One evening last week, all of a sudden, I had the crazy idea to go out into the garden with my macro set up and see what I could find in the dark. I cannot explain why I felt compelled to go out at that particular time of day, I am just very grateful I did. I surprised myself with what I managed to capture.
The weather was mild and dry for a January evening. Taking a torch, I scanned along the garden boundary. It didn’t take me long to find spiders, busy building webs in the dark. It was fascinating to watch as the spider handled the thread it had produced, scaling along one piece of thread to move forward, while placing another thread behind.
You can see why in Greek mythology the first spider was attributed to a weaver.
Arachne was an incredibly talented weaver who challenged the goddess Athena to a weaving contest. Athena crafted a tapestry depicting the Greek Gods as heroes, full of majesty, Arachne choosing to illustrate the many injustices the Greek Gods had carried out. Arachnes skill was undeniable but the subject matter enraged Athena who destroyed the tapestry woven by Arachne and transformed her into the spider.
Venturing further in the garden I came across two varieties of spider I have not knowingly come across before. My new spider field guide coming in extremely useful in identifying them.
The Walnut Orb spider, although quite a common spider, hide away during the day and emerge at night being the first of the new finds. Followed by Anyphaena Accentuata, also known as buzzing spiders (named due to the way the males vibrate their abdomen against the surface of leaves to attract a female). Managing to capture both of these filled me with such delight.
It is no secret how much I miss macro, so getting results in the colder season just fills me with such joy.
Another surprise discovery was finding a pair of moths in the gravel, procreating. I have not been unable to positively identify them as of yet. I am not sure if this behavior is out of season or expected. If I am able to find out I will provide the information in a later post. I find the more I learn about the natural world, the more interested I am in it and become more eager to learn all I can.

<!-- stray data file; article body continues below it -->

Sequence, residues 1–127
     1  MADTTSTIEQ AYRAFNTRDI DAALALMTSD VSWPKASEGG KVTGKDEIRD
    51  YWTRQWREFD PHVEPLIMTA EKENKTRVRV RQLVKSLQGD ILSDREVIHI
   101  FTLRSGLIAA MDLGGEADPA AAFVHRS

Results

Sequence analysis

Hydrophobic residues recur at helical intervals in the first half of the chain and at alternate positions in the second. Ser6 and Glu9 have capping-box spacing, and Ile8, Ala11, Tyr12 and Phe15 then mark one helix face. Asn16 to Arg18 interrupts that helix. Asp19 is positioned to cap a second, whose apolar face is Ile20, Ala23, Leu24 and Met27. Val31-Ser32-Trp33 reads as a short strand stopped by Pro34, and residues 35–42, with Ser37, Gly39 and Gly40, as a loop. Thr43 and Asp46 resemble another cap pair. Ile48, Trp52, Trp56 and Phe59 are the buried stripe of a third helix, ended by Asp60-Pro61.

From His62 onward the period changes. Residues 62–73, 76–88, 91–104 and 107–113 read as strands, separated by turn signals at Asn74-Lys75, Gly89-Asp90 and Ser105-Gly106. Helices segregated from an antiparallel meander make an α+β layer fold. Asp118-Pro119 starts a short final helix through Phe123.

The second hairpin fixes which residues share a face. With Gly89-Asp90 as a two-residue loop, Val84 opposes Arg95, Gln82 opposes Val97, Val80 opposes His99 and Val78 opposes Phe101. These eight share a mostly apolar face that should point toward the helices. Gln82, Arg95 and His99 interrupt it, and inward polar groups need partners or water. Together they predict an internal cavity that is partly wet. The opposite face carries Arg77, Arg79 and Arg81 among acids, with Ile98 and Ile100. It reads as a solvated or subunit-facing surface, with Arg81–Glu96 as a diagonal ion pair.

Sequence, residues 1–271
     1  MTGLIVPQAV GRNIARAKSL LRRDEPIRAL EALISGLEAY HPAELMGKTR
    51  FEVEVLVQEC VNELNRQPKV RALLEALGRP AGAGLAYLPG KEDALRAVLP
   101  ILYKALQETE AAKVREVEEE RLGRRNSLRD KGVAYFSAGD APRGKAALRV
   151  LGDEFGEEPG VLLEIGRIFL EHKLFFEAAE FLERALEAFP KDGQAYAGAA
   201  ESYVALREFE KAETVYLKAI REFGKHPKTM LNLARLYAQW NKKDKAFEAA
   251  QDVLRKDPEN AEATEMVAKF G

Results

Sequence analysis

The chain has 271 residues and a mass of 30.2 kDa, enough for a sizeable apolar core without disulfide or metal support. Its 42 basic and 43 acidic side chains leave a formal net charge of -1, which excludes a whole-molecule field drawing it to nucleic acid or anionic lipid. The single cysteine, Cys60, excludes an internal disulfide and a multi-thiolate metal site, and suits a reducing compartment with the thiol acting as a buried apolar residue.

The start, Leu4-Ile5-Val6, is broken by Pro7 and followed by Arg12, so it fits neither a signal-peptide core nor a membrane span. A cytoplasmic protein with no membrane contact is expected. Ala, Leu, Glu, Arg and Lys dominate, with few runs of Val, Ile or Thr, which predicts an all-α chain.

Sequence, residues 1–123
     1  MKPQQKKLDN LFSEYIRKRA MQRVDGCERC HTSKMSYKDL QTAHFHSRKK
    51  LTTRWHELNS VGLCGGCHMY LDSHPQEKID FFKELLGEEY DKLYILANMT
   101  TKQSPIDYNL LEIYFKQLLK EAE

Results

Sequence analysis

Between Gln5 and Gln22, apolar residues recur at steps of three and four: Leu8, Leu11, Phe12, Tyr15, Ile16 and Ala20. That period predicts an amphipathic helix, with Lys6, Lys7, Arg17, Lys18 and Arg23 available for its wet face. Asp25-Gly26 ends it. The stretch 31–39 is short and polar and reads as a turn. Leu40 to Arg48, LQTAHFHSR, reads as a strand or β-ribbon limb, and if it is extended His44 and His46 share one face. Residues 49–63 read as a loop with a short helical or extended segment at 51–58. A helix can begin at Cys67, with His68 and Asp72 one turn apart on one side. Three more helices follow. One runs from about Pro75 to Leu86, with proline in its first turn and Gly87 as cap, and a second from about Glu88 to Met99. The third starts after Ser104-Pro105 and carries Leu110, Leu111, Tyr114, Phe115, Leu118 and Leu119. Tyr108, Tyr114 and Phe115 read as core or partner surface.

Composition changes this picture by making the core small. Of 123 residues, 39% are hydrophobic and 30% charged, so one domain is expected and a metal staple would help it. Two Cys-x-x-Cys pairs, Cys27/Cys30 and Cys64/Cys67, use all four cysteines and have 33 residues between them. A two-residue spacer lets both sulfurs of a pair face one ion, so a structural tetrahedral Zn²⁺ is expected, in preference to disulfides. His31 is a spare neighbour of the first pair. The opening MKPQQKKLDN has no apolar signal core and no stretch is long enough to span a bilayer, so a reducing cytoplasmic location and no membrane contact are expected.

I look forward to more night time macro adventures during the year (regardless of lockdown) to see what else I can discover and learn.
How have you all been coping with the latest lockdown?
I have to admit my mental health has had a bit of a lull recently. New routines and being confined to the house has taken its toll. Although, doing something different, as simple as taking the camera out in the garden at a different time of day, made such a difference to break up the monotony.
Is there anything you have found helps you when you start to feel low?
I recently caught up on the series A Perfect Planet (BBC IPlayer) which I would highly recommend viewing. Some parts are not an easy watch, in particular where the effects of climate change and our part in it is discussed/demonstrated, which, in truth, should be uncomfortable to watch. Hopefully it will change peoples attitude and aide them in making better decisions in the future regarding the environment. Its not all doom and gloom though, the rain frog being a personal highlight.
Getting cosy, with a cup of tea and watching something like this really helps to calm me, especially if I cannot concentrate my mind on reading. Winterwatch (BBC) has returned to our screens this week and is another nature series where I know I can watch, learn and be calmed by. Its comfort watching. Are there any series’ or films you turn to when you need comforting?
I really hope you are all well, until next time, take care.